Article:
It contains thirteen entries and while some felt like the work of practiced professionals many felt like the work of people still developing their crafts. A couple of the stories I didn’t find particularly interesting, but some of the other stories left me struggling not to cry as I read them. I’m not going to call out any particular entries though, because I expect which ones you connect with will vary depending on the reader.

The theme of this collection felt like a precursor or ancestor or possibly both, to the #MeToo movement. Deer Woman is apparently a traditional character who seduces and then kills men, and in this particular anthology is celebrated as a protector and source of consolation to women who have been attacked by men.

Native American women are particularly vulnerable to sexual violence and the anthology both raises awareness of the issue and fund raises for a variety of resources:

MoonshotVolume1Moonshot Volume 1
2017
Alternate History Comics

Moonshot was another anthology I got via Kickstarter and hadn’t gotten around to reading until recently. Unlike Deer Woman, however, this is clearly the work of experienced writers and illustrators, including names that I recognized from other graphic novels.

There are thirteen stories in Volume 1 and they are all beautiful. Some of them I was clearly within the intended or at least expected audience. A few of them felt like they were written for a native audience: there were expectations of shared background knowledge with the author that I didn’t have, but that’s not a bad thing. Picking up information from context is how most learning takes place. I was surprised that there weren’t more that felt like that. And sadly, one felt a bit like a standard comic book plot that I’ve seen many times, but with native American names attached to the protagonists and villains.

MOONSHOT-VOLUME-2-COVERMoonshot Volume 2
2017
Alternate History Comics

I was really impressed by volume 1, but I like volume 2 even more. It’s still the same high quality of art and stories, but this time it’s focused its theme to presenting the native cultures as modern living people and communities.

I’m reminded of how some people think that as a Quaker, I should be wearing long dresses and bonnets like the Amish do. But the Quaker tenet is for simplicity. So in an era where all women wore dresses, mostly adorned with ruffles and ribbons, Quaker women wore simple dresses. In the modern era, the tenet of simplicity is achieved by wearing jeans and t-shirts. The appearance is very different but the intent remains the same.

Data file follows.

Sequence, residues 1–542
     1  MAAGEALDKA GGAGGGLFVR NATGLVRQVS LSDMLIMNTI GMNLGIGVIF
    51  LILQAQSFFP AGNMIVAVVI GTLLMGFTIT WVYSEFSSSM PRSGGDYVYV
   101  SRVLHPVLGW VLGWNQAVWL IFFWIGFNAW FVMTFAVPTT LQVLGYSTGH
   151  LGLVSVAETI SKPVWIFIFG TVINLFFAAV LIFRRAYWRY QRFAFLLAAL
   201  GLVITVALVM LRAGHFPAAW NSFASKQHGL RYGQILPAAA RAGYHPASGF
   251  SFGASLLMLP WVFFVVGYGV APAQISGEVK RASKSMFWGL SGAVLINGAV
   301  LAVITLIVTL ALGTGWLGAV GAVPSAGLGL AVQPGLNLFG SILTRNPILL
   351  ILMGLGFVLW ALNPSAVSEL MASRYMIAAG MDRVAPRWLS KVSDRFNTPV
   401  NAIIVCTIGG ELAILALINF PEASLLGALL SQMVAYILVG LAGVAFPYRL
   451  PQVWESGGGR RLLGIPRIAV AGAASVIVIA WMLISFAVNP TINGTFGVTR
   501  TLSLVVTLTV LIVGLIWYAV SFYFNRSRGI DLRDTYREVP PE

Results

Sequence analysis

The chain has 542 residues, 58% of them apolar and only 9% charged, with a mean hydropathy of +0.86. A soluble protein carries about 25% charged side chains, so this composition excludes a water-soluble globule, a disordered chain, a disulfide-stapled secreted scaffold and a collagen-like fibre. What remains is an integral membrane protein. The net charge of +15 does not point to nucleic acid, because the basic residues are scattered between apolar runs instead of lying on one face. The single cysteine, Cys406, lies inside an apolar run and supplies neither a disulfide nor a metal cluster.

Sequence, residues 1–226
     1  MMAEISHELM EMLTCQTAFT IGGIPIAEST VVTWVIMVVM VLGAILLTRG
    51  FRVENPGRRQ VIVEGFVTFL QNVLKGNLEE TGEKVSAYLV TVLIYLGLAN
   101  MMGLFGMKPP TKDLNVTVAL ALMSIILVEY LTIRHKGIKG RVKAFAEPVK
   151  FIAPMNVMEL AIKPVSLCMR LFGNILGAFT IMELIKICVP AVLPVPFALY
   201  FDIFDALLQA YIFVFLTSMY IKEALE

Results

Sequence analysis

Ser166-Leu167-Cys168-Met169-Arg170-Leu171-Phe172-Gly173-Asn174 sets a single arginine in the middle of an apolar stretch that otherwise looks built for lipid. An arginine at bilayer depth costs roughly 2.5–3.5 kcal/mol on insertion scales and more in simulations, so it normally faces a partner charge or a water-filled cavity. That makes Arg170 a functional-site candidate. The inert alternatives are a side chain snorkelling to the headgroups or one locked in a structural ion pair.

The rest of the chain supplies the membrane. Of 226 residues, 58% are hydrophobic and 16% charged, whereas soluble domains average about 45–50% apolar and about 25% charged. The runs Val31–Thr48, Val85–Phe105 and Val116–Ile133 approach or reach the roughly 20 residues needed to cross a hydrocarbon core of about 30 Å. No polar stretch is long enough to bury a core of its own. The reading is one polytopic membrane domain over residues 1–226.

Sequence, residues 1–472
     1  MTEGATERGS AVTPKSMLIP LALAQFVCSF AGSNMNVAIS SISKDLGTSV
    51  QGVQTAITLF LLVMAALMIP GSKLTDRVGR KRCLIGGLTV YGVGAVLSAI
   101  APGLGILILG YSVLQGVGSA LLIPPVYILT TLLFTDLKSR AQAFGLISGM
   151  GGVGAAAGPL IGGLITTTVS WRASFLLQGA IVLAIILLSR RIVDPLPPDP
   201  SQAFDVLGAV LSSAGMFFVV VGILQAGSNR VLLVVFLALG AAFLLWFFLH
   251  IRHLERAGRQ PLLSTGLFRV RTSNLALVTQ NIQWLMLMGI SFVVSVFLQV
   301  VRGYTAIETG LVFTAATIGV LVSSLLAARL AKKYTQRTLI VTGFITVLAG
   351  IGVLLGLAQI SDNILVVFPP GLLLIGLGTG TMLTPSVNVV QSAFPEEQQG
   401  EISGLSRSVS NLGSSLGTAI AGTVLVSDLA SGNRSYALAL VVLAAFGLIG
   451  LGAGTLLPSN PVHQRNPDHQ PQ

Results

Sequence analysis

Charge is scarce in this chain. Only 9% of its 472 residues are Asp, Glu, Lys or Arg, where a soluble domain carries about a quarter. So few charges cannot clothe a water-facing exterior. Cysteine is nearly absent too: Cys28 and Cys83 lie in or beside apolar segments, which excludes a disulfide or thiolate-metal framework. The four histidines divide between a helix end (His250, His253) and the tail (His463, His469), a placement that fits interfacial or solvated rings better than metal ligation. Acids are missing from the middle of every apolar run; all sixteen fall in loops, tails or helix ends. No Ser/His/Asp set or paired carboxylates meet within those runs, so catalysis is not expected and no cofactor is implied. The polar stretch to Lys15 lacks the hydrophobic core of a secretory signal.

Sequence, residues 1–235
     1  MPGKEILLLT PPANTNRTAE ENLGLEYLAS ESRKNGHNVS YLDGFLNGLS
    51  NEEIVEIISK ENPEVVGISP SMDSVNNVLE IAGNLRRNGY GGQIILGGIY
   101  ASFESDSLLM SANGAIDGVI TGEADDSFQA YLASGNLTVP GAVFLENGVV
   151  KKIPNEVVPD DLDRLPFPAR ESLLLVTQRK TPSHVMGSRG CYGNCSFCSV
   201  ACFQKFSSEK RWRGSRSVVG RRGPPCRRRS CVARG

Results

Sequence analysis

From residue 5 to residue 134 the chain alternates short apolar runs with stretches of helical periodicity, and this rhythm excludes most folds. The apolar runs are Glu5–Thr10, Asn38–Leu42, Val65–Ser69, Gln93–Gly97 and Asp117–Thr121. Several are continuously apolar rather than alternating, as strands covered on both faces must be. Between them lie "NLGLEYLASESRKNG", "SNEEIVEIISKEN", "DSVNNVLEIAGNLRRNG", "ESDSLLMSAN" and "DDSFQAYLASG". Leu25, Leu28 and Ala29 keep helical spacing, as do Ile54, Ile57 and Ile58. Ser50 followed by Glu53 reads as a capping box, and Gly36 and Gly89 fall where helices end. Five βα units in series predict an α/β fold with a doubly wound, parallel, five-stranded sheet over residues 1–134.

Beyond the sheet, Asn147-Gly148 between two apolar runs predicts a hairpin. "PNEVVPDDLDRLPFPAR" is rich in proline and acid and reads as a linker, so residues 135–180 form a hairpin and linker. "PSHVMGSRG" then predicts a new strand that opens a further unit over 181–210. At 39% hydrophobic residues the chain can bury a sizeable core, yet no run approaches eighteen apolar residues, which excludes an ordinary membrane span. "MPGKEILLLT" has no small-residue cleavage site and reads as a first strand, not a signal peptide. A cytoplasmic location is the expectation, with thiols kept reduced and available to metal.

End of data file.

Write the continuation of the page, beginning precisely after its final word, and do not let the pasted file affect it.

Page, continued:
This volume tells historic stories of Native tribes, but shows how they live on in the Native people today. They don’t necessarily have the same appearance as they did three hundred years ago, but they have the same meaning.

Showing the traditional stories into the modern era gives them a strong impact. They don’t have the separation that comes from looking at events and interactions in the past. These are all stories happening now, trying to find light in darkness, bravery in fear, and struggling to protect Mother Earth and sacred waters from uncaring corporations. Also, this book made me cry.

All three of these anthologies are well worth reading. And you can be certain that I’ll be hoping for and keeping an eye out for a future Moonshot Volume 3.

 

Small Press Expo

Rebecca and I look forward to the Small Press Expo all year, where independently published artists and writers sell their comic books and graphic novels. Each year, we assure each other that we are going to post a review on the blog about all of our excellent purchases, but each year, we get home exhausted, and stretch the reading out over several months, and never quite get around to putting together a cohesive review. But this year will be different!

…Okay, so SPX was a few weeks months ago, but we’ve still got a couple of great finds to share with you!

The Shadow Hero

By Gene Luen Yang (author) and Sonny Liew (artist)

Shadow_HeroI picked up this graphic novel almost immediately upon entering the floor, and it turned out to be my favorite purchase. The author and artist are both Asian Americans, who had discovered a very short run of what was likely the first Asian American superhero, the Green Turtle. They elaborate more on the source material in the back of the book, but the short version is that it was written by a Chinese American author during World War II, showing allied China defending American against Japanese agents. The Green Turtle himself is kept very mysterious in the original books, and is never given any sort of backstory, which Yang and Liew decide to correct in their update.

The update works brilliantly! The plot is very clever, characters are all so wonderful, and the dialogue is laugh-out-loud funny. I was giggling through the whole thing, much to Rebecca’s amusement and exasperation. (When she read it, she laughed, too, but also said that it might hit her second-hand-embarrassment squick a bit much for her to fully enjoy.)

Innsmouth

By Megan James

InnsmouthInnsmouth was a close second, though only the first three issues were available (the fourth one has come out in the time it took me to actually post this review), of what will hopefully be a long-running series. (The only drawback to the independent publishing is, who knows how long there will be funding for any given project. If only I were a millionaire!)

It takes place in the fictional town of Innsmouth, MA, made famous by Lovecraft in his stories. In this narrative, Innsmouth is a fairly normal New England town, with a small university, and a religious cult that worships Cthulhu, which pretty much everyone tries to tolerate by ignoring.

You can read the first issue online, introducing Randolph Higgle, who is a junior acolyte of the cult, basically doing door-to-door evangelizing, until he is forced into more responsibility than he can handle and he goes to outside help for advice. The author comments that she always loved the Lovecraft stories, while pretty much despising the man himself, so it is her ambition to capture as much of a the gloomy fun as possible without any of the racism and other bigotry.